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Showing posts from October, 2018

Headless for Halloween

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POSTED BY KAREN WOJCIK BERNER


Every Wednesday, Editing for Grammarphobes 2.0 features handy tips to enhance all of our writing, from daily emails to articles to books. After all, everyone needs to write, right?




One of my favorite Halloween stories is "The Legend of Sleepy Hollow" by Washington Irving, the 18th century tale of the lanky schoolteacher, Ichabod Crane, who competes with the beefy Bram Bones, for Katrina Van Tassel's affections. Unfortunately for the skittish and superstitious Crane, one night after a party at the Van Tassel's, he meets the Headless Horseman, rumored to be the ghost of a Hessian soldier whose head was blown off by a cannonball. The horseman hurls a flaming jack o'lantern at Crane, who gallops away never to be seen again. 
Was it an apparition or Bram Bones? 
That's for you to decide. 
As I've mentioned in previous years, Halloween is a huge day for my family. We decorate the entire house, both inside and out. My husband has become …

What To Do With 'W'

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POSTED BY KAREN WOJCIK BERNER


Every Wednesday, Editing for Grammarphobes 2.0 features handy tips to enhance all of our writing, from daily emails to articles to books. After all, everyone needs to write, right?



We haven’t done a roundup on a specific letter lately, so let’s talk about W, the one that kept me at the back of the room in grade school despite being short thanks to the wonderful convention of alphabetical order teachers were so fond of using back then.

But I’m not bitter.

Many useful words begin with our friend, the W, including weather and weapons. Since each of those has a specific subset of their own words, we will cover them in more detail in November. Today, let’s discuss run-of-the-mill words that start with the letter, W. 


waitlist (n.) and wait-list (v.)

Words that make college seniors quake with anxiety, if you are talking about the noun, then it’s one word, waitlist. If you are wait-listed, the verb, the word is hyphenated, according to the Associated Press Styleb…

Common Abbreviations and What They Mean

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POSTED BY KAREN WOJCIK BERNER


Every Wednesday, Editing for Grammarphobes 2.0 features handy tips to enhance all of our writing, from daily emails to articles to books. After all, everyone needs to write, right?




Remember bibliographies? Every research paper requires a bibliography, whether you’re writing a junior high theme or a master’s thesis, to show what material the author read for background knowledge or where the quotations used in said document first appeared.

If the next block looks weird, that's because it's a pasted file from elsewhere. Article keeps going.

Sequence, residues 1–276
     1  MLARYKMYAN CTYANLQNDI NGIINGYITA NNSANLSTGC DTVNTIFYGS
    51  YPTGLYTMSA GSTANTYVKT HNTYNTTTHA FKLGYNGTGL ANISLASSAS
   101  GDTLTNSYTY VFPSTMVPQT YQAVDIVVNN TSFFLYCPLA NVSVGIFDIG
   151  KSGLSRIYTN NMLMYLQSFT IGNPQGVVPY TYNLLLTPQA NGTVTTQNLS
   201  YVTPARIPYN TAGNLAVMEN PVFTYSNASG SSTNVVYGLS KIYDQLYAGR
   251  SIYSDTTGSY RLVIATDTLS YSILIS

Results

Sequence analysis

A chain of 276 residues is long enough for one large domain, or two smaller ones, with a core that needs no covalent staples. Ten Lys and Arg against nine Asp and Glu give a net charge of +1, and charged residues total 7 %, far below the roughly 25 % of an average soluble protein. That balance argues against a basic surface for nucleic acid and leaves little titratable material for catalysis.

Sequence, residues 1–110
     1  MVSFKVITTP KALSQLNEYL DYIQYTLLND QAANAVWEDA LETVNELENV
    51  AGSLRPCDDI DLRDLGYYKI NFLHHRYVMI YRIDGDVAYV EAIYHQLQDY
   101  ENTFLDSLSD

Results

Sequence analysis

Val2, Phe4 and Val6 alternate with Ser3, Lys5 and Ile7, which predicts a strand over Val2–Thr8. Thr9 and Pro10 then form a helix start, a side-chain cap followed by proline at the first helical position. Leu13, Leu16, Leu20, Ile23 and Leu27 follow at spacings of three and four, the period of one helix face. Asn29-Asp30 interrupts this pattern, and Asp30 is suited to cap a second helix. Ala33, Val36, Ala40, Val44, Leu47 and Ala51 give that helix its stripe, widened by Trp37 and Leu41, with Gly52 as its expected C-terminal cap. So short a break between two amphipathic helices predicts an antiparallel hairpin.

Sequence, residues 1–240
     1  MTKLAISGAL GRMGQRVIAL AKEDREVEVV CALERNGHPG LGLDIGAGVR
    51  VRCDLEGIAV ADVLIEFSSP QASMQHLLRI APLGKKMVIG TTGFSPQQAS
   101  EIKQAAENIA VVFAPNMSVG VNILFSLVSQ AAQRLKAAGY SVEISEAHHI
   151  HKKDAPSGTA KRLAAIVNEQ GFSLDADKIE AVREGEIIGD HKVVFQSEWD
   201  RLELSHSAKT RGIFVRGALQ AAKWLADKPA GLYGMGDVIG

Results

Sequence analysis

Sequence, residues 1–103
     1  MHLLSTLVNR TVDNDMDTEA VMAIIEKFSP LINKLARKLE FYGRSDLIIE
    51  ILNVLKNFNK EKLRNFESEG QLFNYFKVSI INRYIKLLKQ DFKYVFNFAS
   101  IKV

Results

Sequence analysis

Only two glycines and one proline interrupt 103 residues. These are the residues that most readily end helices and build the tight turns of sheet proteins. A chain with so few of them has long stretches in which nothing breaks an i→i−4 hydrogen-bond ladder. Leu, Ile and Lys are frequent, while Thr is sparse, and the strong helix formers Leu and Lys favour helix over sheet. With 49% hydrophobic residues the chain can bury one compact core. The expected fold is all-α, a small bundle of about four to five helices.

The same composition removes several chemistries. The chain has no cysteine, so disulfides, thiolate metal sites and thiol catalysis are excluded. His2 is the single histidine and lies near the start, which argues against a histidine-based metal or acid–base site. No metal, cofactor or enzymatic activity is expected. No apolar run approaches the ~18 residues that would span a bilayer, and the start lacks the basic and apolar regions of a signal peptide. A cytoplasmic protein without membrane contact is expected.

The Chicago Manual of Style (CMS) states that “outside the area of science and technology, abbreviations are most appropriate in tabular matter, notes, bibliographies, and parenthetical references.”

But some of the abbreviations used in standard bibliographies for scholarly writing also can be used in technical writing. A long time ago, I was the editor of a magazine called Paint and Coatings Industry, which often dealt with chemical formulas for several products, including pearlescent pigments, water-repellant coatings, an…

Do 'However' and 'So' Need Commas?

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POSTED BY KAREN WOJCIK BERNER


Every Wednesday, Editing for Grammarphobes 2.0 features handy tips to enhance all of our writing, from daily emails to articles to books. After all, everyone needs to write, right?






Today’s topic comes from an email I received from a reader.

Hello Karen,

I have some questions about comma usage that I was hoping you could answer in one of your posts. How should we use commas for the following?

* Single and multiple, sentence-leading, prepositional phrases.

* Comma usage when “so” is anywhere within a sentence.

* Comma usage when “however” is anywhere within a sentence.

Thanks for your help.

David

Let’s answer these one at a time.

Prepositional Phrases

First, commas should be used after a prepositional phrase at the beginning of a sentence, such as in the example below.

Example

By the time I arrived, all the guests were gone.

Grammar Girl suggests “the longer the prepositional phrase, the more you need the comma.” Chicago Manual of Style (CMS) agrees, noting that introd…

One Word or Two? Or Is It Hyphenated?

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POSTED BY KAREN WOJCIK BERNER


Every Wednesday, Editing for Grammarphobes 2.0 features handy tips to enhance all of our writing, from daily emails to articles to books. After all, everyone needs to write, right?





I’m back, grammar lovers!

I don’t know if you remember or not, but I took the summer off to spend more time with my sons before they left for college and grad school. There were travel plans to help coordinate, moving lists to prepare, graduation parties to attend and one to throw, and moments to be captured in our memories before life would change forever for the four of us.

Before each of them left—the younger to Texas and the eldest to Scotland—my husband and I asked what they wanted to do for their last nights at home. It touched my heart that they didn’t want to go out for big celebratory dinners, but instead wanted a regular night with the family and some take out.

I guess our “every day” was special enough and for that I am truly grateful.

The tears have been shed, the b…